Engineer Matt Strong has generated strong controversy in recent days. Here's why: he's cloned the MakerBot Replicator, dubbed his version the TangiBot, and thrown it up on Kickstarter. His intent is to start his own "world class" company by undercutting MakerBot on price by about a third. In Strong's words:
Just to be clear, there is nothing illegal, sneaky or underhanded going on here. Everything is legal and fair. Makerbot also used other people's open source designs when they created their business. This is simply the way open source designs work. Welcome to the world of open source.
First thing to jump out at us: it's an option to pay MakerBot for licensing rights to use their name. Strong mentions he's opted not to. However, he uses the word "MakerBot" 23 times in his written Kickstarter pitch.
That seems like a bit much to us, but the other issues are less clear-cut. Commentary on Strong's Kickstarter page has been robust, with some taking him to task and others in strong support. One commenter says doing a part-by-part design knockoff is shameful; Strong claims he's made unspecified manufacturing improvements. Others are lambasting MakerBot and accusing them of price gouging. Still others veer into personal territory, accusing Strong of not having the requisite amount of passion to be a valid member of the digital manufacturing community.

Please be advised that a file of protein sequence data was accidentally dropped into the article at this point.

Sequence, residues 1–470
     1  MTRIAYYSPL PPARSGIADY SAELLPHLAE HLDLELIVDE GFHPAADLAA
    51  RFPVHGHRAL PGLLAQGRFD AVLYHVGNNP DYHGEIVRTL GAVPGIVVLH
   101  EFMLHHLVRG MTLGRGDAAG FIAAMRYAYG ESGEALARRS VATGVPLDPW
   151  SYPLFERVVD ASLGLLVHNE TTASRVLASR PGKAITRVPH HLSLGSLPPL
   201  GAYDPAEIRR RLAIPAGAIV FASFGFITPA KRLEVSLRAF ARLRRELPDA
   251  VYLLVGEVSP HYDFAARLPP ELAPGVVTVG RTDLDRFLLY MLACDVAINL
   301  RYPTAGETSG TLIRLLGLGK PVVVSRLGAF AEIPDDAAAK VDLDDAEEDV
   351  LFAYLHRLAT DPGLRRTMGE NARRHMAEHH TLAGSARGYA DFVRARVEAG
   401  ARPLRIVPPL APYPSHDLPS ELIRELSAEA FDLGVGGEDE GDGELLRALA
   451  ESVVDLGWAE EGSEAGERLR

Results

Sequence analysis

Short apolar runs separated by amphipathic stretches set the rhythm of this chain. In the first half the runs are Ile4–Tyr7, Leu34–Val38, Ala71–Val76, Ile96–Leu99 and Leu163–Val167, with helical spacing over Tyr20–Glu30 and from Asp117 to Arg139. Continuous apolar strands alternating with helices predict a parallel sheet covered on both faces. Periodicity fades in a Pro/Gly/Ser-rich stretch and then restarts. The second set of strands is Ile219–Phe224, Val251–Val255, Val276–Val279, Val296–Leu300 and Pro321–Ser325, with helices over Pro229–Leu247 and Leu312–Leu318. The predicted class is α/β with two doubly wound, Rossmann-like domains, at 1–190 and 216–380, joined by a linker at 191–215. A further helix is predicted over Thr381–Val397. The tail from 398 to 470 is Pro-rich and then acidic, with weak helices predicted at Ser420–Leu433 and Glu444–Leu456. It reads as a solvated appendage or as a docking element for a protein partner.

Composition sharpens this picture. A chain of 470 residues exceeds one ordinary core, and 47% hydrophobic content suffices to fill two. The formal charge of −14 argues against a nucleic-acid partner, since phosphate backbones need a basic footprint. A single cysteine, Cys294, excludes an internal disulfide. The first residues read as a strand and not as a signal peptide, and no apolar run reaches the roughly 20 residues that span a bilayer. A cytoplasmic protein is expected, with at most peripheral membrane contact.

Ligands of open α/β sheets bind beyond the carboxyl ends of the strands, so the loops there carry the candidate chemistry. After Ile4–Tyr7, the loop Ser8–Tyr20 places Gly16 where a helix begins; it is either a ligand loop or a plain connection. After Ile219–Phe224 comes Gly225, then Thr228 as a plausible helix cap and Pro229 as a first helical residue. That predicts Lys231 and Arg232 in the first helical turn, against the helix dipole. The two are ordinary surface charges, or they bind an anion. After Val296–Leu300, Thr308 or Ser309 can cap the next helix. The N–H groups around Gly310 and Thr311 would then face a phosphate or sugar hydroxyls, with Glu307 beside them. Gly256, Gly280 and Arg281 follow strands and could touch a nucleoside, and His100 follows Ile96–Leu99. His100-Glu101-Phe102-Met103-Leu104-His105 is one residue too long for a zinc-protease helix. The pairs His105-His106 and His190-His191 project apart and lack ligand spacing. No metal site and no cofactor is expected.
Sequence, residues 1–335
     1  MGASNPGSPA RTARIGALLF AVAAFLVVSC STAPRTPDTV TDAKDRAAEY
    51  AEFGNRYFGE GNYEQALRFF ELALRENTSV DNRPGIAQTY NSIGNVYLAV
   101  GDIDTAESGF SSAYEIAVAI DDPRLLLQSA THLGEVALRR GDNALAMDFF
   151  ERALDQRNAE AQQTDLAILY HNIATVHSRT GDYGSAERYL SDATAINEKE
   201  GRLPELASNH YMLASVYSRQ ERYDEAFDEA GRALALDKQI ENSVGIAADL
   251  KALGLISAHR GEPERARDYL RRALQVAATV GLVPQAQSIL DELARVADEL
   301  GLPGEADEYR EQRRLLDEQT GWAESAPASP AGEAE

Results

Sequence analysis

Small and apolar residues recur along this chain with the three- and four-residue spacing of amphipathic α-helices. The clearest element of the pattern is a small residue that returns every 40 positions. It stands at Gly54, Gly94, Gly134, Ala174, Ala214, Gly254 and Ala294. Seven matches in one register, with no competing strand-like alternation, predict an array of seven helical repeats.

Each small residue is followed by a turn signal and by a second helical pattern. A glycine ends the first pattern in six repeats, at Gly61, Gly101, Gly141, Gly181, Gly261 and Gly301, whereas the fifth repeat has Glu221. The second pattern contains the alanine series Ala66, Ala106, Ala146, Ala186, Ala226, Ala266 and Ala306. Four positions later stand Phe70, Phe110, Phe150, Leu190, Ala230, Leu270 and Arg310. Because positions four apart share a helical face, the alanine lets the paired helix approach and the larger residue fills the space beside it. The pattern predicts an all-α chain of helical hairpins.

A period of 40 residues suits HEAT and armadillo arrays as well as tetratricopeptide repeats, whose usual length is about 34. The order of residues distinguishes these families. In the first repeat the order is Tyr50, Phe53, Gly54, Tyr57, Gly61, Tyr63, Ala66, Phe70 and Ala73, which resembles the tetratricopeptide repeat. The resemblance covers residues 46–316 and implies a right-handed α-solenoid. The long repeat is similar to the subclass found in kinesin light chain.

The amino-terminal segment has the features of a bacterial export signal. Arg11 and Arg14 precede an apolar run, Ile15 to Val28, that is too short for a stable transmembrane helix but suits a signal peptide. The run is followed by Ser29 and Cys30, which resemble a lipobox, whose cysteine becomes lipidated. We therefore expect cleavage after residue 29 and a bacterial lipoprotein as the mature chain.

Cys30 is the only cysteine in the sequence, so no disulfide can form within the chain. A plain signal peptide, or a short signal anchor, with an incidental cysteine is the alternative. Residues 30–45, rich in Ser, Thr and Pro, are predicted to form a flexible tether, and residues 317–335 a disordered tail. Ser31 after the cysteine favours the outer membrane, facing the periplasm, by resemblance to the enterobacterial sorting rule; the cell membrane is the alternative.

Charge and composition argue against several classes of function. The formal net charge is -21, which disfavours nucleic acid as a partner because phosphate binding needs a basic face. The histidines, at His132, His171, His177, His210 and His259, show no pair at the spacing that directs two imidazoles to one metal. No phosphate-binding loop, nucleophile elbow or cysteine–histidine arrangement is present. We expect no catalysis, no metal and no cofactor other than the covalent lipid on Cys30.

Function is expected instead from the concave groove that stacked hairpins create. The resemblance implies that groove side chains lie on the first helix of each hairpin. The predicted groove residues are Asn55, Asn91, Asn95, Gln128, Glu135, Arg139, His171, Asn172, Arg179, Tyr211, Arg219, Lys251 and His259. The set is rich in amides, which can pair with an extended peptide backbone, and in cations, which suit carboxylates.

Strong has kept a cool head and gamely answered with lengthy responses, even as the comments continue to pile in. Some have questioned his ability to deliver, which doesn't seem quite fair to us. On the other hand, another commenter has repeatedly asked technically specific questions that Strong never outright addresses, instead deflecting them with answers that incorporate mention of quasi-relevant personal hardships he has undergone. (I find that's usually not a good sign, but that is my personal opinion.) Other question marks appear when you find the link to his resume abruptly went dead after a commenter had some questions about a company listed on there.
All of those things could be explained away by Strong, and I can't call any of them damning; but the spirited and ongoing debate on that comments page does not appear to be helping his cause. At press time he had about $15,000 towards a $500,000 target with 24 days to go. Hanging in the balance is the possibility of a less expensive 3D printer, and the results of a community-wide debate on what "open source" really means.
We highly recommend you read the actual comments and decide for yourself here.
(Note: This post has been revised by removing a quote incorrectly attributed to Strong that was in fact made by a commenter. Our apologies for any confusion caused by the misattribution.)